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Hair loss: We look at the causes and treatment options

27 MARCH 2012

Actress Neve Campbell and TV presenter Gail Porter have both spoken about experiencing sudden hair loss due to the autoimmune disease alopecia, while stars including Lady Gaga have revealed that constant colouring, bleaching and extensions are causing their locks to fall out.

Once thought of as a solely male condition, hair loss is a growing problem among women and it’s estimated that a quarter of us will suffer at some point in our lives.

On average, we all shed between 50 and 100 hairs every day. It is when this natural rate of loss speeds up significantly that it becomes noticeable, often with distressing results.

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There are many things that can trigger female hair loss. Often, these are linked to an underlying hormonal cause such as:

• Puberty
• Polycystic ovary syndrome
• Pregnancy and birth
• Stopping taking the contraceptive pill
• Menopause
• Thyroid imbalance

Hair loss can be a side effect of certain drug therapies such as chemotherapy. A nutritional deficiency, particularly in iron, can also be to blame, so women who are on strict diets, are vegan or experience heavy periods should have this checked out first.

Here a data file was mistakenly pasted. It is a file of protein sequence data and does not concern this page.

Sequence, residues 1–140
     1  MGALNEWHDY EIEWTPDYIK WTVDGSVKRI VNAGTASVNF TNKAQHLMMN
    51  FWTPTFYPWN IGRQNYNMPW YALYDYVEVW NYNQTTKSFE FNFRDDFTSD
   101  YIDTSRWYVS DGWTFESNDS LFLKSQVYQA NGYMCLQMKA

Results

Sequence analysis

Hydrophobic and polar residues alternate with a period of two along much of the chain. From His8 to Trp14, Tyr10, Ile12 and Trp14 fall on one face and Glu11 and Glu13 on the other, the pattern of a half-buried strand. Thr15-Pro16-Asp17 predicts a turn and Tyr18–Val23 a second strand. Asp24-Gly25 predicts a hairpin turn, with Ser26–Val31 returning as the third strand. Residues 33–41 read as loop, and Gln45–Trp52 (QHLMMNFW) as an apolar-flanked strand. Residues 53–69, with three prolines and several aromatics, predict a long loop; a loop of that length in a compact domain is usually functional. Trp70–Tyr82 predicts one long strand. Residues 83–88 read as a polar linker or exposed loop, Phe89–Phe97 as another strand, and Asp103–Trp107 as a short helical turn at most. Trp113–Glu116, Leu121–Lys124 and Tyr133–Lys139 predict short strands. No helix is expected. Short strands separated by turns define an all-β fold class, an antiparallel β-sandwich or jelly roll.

Another big culprit is alopecia, an often recurrent autoimmune disease in which the hair follicles become inflamed, causing the hairs to fall out. The underlying cause is unknown, but stress is thought to be the main trigger.

Stress is also thought to be a factor in the number of women suffering from androgenic alopecia, which is not an autoimmune disorder but a condition in which female hair loss mimics that of male-pattern baldness.

“Over the past ten years I have seen increasing numbers of women with hair loss due to unknown causes. I think it’s because more and more women are taking on increasingly powerful and stressful jobs, which leaves them vulnerable to androgenic alopecia,” explains trichologist Philip Kingsley.

If you think you're suffering from hair loss:

Visit your GP: Your doctor will determine whether there is an underlying medical cause such as a hormonal imbalance or nutritional deficiency. For certain types of hair loss, medications, lotions or other treatments can be prescribed

Consult a Trichologist: Many hair loss treatments are only available at private clinics

Try a lotion: The medication minoxidil has been found to promote hair growth in some women, but it has varying degrees of success. Minoxidil is available as Regaine for Women, £25 for a month’s supply, from chemists. It has to be used for up to a year to see an effect

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